A Beginner’s Guide to Quilling  

Apr 23, 2023 | Art, drawing or painting, Paper crafts

Have you tried your hand at quilling? Quilling can be a lot of fun. It is a decorative paper crafting technique that can be used to make home decor items and other decorative projects. My personal favourite use of quilling is to embellish handmade greeting cards.

A Beginners Guide to Quilling


What is quilling?

Paper quilling is also known as paper filigree. It is a paper crafting technique that involves rolling narrow strips of paper into coils. The coils are then shaped and arranged to create intricate designs. The coils are usually held in place with glue.

The coils created can then be shaped into various forms. These forms could be circles, teardrops, or triangles. Shaping the pieces is done by bending and pinching the edges. You can use the shaped coils to create various designs, from simple geometric patterns to complex portraits.

A Beginner's Guide to Quilling

What Can You Make with Paper Quilling?

Paper quilling is a versatile craft form. It can be used to make a wide variety of decorative items. The quilled coils can be used to embellish greeting cards, picture frames, jewellery, wall art, and more. The possibilities are endless. You are only limited to your imagination.

Here are some fun projects you can make with paper quilling:

  • Greeting cards

Paper quilling can be used to create beautiful designs to embellish greeting cards. You can use quilling for all occasions, from birthdays to anniversaries.

  •  Gift tags

It does not matter if you make your own gift tags or use premade tags. You can add a personalised touch with quilling.

  •  Bookmarks

Paper quilling can be used to make bookmarks. The quilling is best added to the top of the bookmarks, where it will not get damaged by the closing pages.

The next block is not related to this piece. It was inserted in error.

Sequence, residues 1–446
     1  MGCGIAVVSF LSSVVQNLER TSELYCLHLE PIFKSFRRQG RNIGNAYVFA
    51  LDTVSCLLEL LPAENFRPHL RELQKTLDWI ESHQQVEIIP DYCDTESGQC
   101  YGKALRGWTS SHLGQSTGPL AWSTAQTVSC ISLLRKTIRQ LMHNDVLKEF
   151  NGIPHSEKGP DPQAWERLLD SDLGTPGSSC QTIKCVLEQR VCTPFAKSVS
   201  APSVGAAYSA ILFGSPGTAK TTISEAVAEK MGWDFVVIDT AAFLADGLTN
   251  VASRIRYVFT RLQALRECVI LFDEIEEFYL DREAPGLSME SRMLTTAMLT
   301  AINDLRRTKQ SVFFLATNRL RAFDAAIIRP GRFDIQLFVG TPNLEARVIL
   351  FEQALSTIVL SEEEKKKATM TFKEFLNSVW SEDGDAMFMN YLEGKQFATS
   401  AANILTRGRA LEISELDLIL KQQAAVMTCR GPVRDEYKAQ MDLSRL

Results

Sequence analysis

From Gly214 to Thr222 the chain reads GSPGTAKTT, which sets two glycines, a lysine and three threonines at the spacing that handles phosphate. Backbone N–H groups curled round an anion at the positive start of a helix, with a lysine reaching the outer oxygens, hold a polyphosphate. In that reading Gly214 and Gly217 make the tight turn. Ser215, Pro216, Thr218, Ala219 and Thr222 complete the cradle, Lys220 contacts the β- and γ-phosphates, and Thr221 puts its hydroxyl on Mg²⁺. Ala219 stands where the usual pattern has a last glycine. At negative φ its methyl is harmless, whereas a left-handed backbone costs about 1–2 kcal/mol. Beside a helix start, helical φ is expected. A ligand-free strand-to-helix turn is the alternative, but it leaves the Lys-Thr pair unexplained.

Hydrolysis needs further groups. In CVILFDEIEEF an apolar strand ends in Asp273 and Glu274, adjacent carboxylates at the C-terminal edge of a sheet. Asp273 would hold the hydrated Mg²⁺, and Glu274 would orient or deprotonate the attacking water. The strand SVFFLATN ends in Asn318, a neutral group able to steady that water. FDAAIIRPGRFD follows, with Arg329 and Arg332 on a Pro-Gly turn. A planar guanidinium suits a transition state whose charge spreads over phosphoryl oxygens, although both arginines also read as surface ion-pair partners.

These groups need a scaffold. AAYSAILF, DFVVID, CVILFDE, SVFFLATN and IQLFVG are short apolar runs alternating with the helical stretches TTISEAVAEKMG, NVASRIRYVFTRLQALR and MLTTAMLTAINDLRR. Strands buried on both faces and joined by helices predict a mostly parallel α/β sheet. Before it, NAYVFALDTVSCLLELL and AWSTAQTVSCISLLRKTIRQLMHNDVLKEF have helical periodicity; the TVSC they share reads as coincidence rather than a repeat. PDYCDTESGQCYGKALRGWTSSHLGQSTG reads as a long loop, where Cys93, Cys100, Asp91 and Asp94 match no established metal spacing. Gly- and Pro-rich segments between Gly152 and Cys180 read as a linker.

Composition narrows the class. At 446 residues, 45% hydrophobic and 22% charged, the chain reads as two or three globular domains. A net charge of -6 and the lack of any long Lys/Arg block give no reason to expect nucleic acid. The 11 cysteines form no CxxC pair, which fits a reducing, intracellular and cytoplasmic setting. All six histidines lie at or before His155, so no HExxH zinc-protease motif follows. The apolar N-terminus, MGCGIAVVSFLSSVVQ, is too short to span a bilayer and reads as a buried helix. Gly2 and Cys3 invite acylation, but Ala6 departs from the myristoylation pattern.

Paper quilling is a great technique for making jewellery. You can make unique and intricate pieces, such as earrings, necklaces, pendants, and bracelets.

  • Hair accessories

Add interest to barrettes, headbands, and hairpins with paper quilling.

  • Wall Art

There are a lot of large, gorgeous, intricate designs that make stunning pieces of wall art. Some quilling art pieces can be hung directly on the wall, while others need to be framed.

  • Home Decor

You can use paper quilling techniques to make decorative accents for your home. Paper quilling can be used to make ornaments, bowls, vases, baskets, bouquets, and more. 

  • 3D sculptures

Once you master the basic quilling techniques, you can step up your game and make 3D sculptures. 3D shapes are created by layering and arranging paper quilling shapes.


The History of Paper Quilling

The exact origins of paper quilling are unknown. Some people believe that it originated in China after the invention of paper. Others believe it started in Europe during the 16th or 17th century, as a form of decorative art by nuns and monks.

It is believed that they utilised scraps of paper from religious texts. The curled pieces were used to create ornate designs to adorn crosses, chalices, and altarpieces.

In Europe, during the 18th century, paper quilling became a popular pastime for upper class ladies. Paper curling art techniques were used to create intricate designs for jewellery, picture frames, and other household items.

Paper quilling was huge in the United States during the Colonial Period (1607-1775). It went out of style for a while and made a resurgence again during the 19th century. During the early 20th century, it was largely forgotten again, only to regain popularity during the 1960s and 1970s.

Today, paper quilling is once again a popular hobby practiced around the world. Unlike the basic designs of years gone by, it has now evolved to include a wide range of techniques and styles.


Quilling for beginners

Quilling for beginners

So, is quilling art easy? Beginner level projects are very easy. If you’re new to quilling, don’t worry! Here’s a quilling art for beginners guide to get you started.

Gather Your Materials

To start quilling, you will need to gather a few basic supplies, including:

  •  Quilling paper

You can find precut quilling paper in a variety of colours and widths, from 1/8 inch (.3175 cm) to 1/2 inch (1.27 cm). If you prefer, you can also cut your own paper strips.

  • Quilling Tool

A quilling tool is needed to roll the paper into coils. You can use either a slotted tool or a needle tool, or both.

  • Scissors

You will need scissors to cut the paper strips to their desired length.

  • Glue

Glue is necessary to hold the pieces together and to arrange them. For the most part, you can use any type of clear-drying glue. Some popular quilling glue choices include white glue, tacky glue, and glue pens.